CONSIDINE: And there was something kind of combative about what Basquiat was doing with his art, right? It shows in the way he's posing in the poster. He's much more confrontational than Warhol.
SHAFRAZI: In Jean-Michel's case, his was a very particular thing. Because besides his charisma, the way he painted was very unusual. And the way he held his brush was very unusual. That approach made the actual act of putting down a mark extremely intended. Each thing became deliberately odd and different to what you'd seen before. He was unqualified, untrained, and yet, little by little, this was a person who, like Keith Haring, trained themselves in public. And that was the genius they both had in common.
CONSIDINE: Did you and Basquiat talk about the Guernica incident and the possibilities of what graffiti can do -- its potential as a transgressive tool?
SHAFRAZI: I don't really like to tell the story. But the idea was to put Picasso and Guernica on the front page of the world. Guernica was a painting specially made by the greatest artist of the century -- it's certainly the number one painting against war, no doubt about it. And that painting's history, having secured a very important position at the Museum of Modern Art -- the fact that it was there, daily, and meanwhile the bombings [in Vietnam] were taking place for ten or twelve years, it was unbelievable to me. It was unacceptable. You could buy [the painting], but not listen to it. Somehow, the voice had been silenced. So I had to give the voice back so it would scream to the world. I gave it that red scream.
CONSIDINE: Was there an affinity that you had for guys like Basquiat and Haring because they were putting their words and works in places they weren't supposed to be?
SHAFRAZI: Well, because of the spirit of the time, the streets became alive again. It was all about the street, the wealth of the street, the business of the street and what happened in the street -- hanging out at night, going to clubs at night and doing exhibitions in the clubs. So, yes, the urgency of the street, the reality of that world became prominent -- no longer ruled fascistically by well-educated morons of curators and idiots who come to be art patrons immediately. They think they know everything. They act like policemen of art.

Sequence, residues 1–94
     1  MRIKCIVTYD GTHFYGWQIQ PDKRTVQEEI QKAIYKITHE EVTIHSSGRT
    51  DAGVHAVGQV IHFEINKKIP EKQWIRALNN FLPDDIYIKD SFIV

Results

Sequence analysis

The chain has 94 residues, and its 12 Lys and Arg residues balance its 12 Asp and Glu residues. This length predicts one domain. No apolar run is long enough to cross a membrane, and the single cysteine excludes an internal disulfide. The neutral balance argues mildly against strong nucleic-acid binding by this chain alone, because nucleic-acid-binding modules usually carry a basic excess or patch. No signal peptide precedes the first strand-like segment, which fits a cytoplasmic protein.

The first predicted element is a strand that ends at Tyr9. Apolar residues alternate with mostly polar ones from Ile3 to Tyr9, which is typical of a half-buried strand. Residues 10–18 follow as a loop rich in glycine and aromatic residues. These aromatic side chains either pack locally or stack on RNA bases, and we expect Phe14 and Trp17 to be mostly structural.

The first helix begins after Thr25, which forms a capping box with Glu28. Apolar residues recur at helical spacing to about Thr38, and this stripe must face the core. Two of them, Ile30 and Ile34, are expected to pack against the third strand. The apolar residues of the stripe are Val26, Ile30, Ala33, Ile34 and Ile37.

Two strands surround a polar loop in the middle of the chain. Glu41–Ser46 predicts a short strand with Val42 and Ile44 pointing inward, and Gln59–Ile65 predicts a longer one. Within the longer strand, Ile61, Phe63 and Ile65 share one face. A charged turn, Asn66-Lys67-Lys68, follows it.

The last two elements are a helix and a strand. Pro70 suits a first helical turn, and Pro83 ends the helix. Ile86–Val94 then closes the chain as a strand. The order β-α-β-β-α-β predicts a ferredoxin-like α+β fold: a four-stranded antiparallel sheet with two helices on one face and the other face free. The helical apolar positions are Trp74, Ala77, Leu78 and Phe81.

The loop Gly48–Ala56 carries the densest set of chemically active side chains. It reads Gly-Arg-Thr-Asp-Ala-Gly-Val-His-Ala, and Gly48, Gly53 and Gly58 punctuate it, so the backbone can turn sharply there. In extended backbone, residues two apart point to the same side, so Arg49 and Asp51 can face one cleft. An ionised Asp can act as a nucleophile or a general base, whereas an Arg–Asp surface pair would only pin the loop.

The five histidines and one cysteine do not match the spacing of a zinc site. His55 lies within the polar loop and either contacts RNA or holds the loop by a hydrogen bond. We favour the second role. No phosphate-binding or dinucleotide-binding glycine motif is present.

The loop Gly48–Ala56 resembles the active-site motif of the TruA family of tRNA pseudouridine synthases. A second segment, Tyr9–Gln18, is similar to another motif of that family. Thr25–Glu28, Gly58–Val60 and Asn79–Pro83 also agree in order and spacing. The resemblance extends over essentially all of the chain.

CONSIDINE: It seems you've helped change that attitude towards Basquiat's work in the very least.
SHAFRAZI: When Jean-Michel passed away, it was a very sad event. Thereafter I continued working quietly and every two or three years I would do a show [featuring Basquiat's work]. And my job in doing a show was to hunt around and find where his paintings were in different collections and gather them together and pair them off, create a sort of historical continuity, a context to tell stories about the work and what was going on.
I say this as his friend and fellow artist: I didn't do it so Basquiat could break records. I wanted to bring Basquiat to a more important place of recognition, to join the ranks of masters like Jackson Pollock and Francis Bacon.
CONSIDINE: Did you have a sense then that Basquiat was going to be considered as revolutionary by posterity as he was?
SHAFRAZI: Yes, I knew that these artists were very, very important. I always thought of Basquiat as being, in a way, the Van Gogh of our times. There's a certain kind of truthfulness and a kind of authenticity of the natural way of mark-making that he did. For me his marks are as authentic as the early Picasso. And, if anything, next to that, Picasso's work becomes that of a European who was obviously admiring that kind of sensual authenticity.
It's a bit like a drawing you would do at maybe two or three inches, that kind of intimacy of sketching or doodling. But he was able to do it on a large-scale canvas. And knowing that you're addressing the whole world, and that the canvas ought to belong to history... When you have no training, that's a remarkable sense of belief in yourself. It's such a vulnerable, delicate, extraordinary, lonely walk -- to walk that edge, that line. And that line was what he lived on.
See a three-part video series on Basquiat over at Christie's here.